The appearance of people associated with the Lapita culture in the South Pacific around 3,000 years ago1 marked the beginning of the last major human dispersal to unpopulated lands. However, the relationship of these pioneers to the long-established Papuan people of the New Guinea region is unclear. Here we present genome-wide ancient DNA data from three individuals from Vanuatu (about 3,100–2,700 years before present) and one from Tonga (about 2,700–2,300 years before present), and analyse them with data from 778 present-day East Asians and Oceanians. Today, indigenous people of the South Pacific harbour a mixture of ancestry from Papuans and a population of East Asian origin that no longer exists in unmixed form, but is a match to the ancient individuals. Most analyses have interpreted the minimum of twenty-five per cent Papuan ancestry in the region today as evidence that the first humans to reach Remote Oceania, including Polynesia, were derived from population mixtures near New Guinea, before their further expansion into Remote Oceania2,3,4,5. However, our finding that the ancient individuals had little to no Papuan ancestry implies that later human population movements spread Papuan ancestry through the South Pacific after the first peopling of the islands.
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European Nucleotide Archive
The aligned sequences are available through the European Nucleotide Archive under accession number PRJEB14728. The newly reported SNP genotyping data for the subset of individuals who provided informed consent consistent with fully public distribution are available at http://genetics.med.harvard.edu/reichlab/Reich_Lab/Datasets.html. To access data for the remaining samples, researchers should send a signed letter to D.R. containing the following text: “(a) I will not distribute the data outside my collaboration; (b) I will not post the data publicly; (c) I will make no attempt to connect the genetic data to personal identifiers for the samples; (d) I will use the data only for studies of population history; (e) I will not use the data for any selection studies; (f) I will not use the data for medical or disease-related analyses; (g) I will not use the data for commercial purposes.” Extended Data Table 2 specifies which samples are consistent with which type of data distribution.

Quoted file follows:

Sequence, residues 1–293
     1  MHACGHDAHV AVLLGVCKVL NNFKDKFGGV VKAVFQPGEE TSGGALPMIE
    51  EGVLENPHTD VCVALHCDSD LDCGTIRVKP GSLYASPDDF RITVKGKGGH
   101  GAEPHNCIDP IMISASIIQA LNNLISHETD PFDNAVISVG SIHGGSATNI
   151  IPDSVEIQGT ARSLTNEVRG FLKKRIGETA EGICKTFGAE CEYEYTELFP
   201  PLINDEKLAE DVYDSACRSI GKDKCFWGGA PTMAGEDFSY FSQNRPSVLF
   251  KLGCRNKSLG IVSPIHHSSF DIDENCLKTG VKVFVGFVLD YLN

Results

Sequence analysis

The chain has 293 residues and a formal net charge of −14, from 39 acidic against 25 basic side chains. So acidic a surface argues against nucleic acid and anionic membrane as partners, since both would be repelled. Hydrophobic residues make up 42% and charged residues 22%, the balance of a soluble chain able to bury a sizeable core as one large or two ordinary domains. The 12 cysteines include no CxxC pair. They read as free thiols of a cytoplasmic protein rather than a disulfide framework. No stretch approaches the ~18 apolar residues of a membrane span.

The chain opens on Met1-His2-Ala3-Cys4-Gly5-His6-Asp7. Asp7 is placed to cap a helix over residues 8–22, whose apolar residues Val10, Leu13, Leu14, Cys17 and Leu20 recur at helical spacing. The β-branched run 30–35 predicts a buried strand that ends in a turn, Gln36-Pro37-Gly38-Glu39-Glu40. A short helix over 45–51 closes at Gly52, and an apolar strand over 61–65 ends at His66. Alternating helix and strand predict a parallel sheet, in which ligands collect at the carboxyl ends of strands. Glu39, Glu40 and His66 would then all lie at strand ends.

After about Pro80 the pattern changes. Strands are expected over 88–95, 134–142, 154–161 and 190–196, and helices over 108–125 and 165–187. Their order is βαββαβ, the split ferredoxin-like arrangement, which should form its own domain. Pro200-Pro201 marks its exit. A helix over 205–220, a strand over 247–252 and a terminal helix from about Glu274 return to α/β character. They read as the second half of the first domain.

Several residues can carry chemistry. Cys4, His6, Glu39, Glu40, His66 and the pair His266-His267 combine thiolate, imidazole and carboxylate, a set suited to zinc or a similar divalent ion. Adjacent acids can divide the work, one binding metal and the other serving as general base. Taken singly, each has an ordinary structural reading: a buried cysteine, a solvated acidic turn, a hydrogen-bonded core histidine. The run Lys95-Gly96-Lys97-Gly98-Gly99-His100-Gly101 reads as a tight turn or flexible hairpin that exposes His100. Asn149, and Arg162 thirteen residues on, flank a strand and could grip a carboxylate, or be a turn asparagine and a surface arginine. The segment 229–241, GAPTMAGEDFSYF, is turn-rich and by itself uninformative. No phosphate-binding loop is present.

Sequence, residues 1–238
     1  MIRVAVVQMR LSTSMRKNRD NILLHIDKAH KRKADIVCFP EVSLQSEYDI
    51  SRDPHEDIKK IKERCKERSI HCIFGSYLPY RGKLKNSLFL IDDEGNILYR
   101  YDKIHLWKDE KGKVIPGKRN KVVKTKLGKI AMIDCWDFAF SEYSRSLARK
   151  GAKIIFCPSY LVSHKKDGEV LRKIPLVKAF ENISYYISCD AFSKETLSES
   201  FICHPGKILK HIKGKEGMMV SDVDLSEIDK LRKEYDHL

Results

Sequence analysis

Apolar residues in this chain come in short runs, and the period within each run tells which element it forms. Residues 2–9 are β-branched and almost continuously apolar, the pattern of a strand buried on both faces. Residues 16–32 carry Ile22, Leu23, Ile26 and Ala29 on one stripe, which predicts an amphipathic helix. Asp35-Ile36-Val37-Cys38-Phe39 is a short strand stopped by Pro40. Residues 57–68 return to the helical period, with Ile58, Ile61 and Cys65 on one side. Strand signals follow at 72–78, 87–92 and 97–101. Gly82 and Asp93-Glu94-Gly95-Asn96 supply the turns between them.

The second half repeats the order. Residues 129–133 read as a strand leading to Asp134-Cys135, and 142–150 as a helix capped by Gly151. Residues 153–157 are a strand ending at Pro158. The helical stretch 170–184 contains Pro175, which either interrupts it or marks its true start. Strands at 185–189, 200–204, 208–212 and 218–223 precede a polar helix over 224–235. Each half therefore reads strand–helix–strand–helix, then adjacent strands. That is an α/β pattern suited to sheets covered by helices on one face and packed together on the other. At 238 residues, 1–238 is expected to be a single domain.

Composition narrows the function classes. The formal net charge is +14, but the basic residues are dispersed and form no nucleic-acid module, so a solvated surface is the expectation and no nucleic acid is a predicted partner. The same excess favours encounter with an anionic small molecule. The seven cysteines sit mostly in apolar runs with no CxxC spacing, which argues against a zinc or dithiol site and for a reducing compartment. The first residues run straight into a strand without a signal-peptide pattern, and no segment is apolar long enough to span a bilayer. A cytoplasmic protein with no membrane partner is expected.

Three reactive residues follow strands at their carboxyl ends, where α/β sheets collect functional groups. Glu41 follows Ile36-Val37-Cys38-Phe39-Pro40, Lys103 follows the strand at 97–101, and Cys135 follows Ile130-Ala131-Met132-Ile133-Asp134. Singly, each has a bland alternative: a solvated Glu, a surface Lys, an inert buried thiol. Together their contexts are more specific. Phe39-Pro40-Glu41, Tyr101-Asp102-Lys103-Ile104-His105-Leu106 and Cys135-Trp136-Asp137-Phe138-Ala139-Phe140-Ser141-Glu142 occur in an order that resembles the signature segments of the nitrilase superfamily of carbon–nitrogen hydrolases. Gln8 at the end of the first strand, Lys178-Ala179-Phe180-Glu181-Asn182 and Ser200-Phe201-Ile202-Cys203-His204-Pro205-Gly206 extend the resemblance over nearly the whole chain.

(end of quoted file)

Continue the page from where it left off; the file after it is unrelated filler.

We thank the 356 volunteers who donated samples for genome-wide analysis; M. Stoneking for co-funding genotyping of the Bismarck samples; M. Brilliant, H. Norton, and L. Scheinfeldt, for help in the preparation of the Bismarck samples and establishment of a repository for them at the Marshfield Foundation; A. Wissgott for help in data generation from the ancient Tongan individual; A. Kim, I. Pugach, and M. Stoneking for comments, and I. Mathieson for critiques and advice on estimating sex-specific ancestral contributions. The maps in Figs 1a and 3b–e maps were plotted in R using the world() map of the ‘fields’ and ‘maps’ packages (using public domain data from the CIA World Data Bank II). P.S. was supported by the Wenner-Gren foundation, SciLifeLab, and the Swedish Research Council (VR grant 2014-453). The Teouma research by M.S. and S.B. was supported by the Australian Research Council (Discovery Grants DP0880789 and DP110101415), the National Geographic Society, and the Australia-Pacific Science Foundation. F.V. was supported by CNRS-UMR 7041. M.N. was supported by an Irish Research Council grant (GOIPD/2013/1). D.F. was supported by an Irish Research Council grant (GOIPG/2013/36). Q.F. was funded by the Key Research Program of Frontier Sciences of CAS (QYZDB-SS W-DQC003), the National Natural Science Foundation of China (L1524016) and the Chinese Academy of Sciences Discipline Development Strategy Project (2015-DX-C-03). T.K. was supported by ERC starting grant FP7-261213. C.P. and J.K. were supported by the Baden Wuerttemberg Foundation. J.K was supported by the DFG grant KR 4015/1-1 and the Max Planck Society. R.P. was supported by ERC starting grant ADNABIOARC (263441). D.R. was supported by NIH grant GM100233, by NSF HOMINID BCS-1032255, and is a Howard Hughes Medical Institute investigator.
This file contains Supplementary Notes 1-3, Supplementary Table 1 and additional references.
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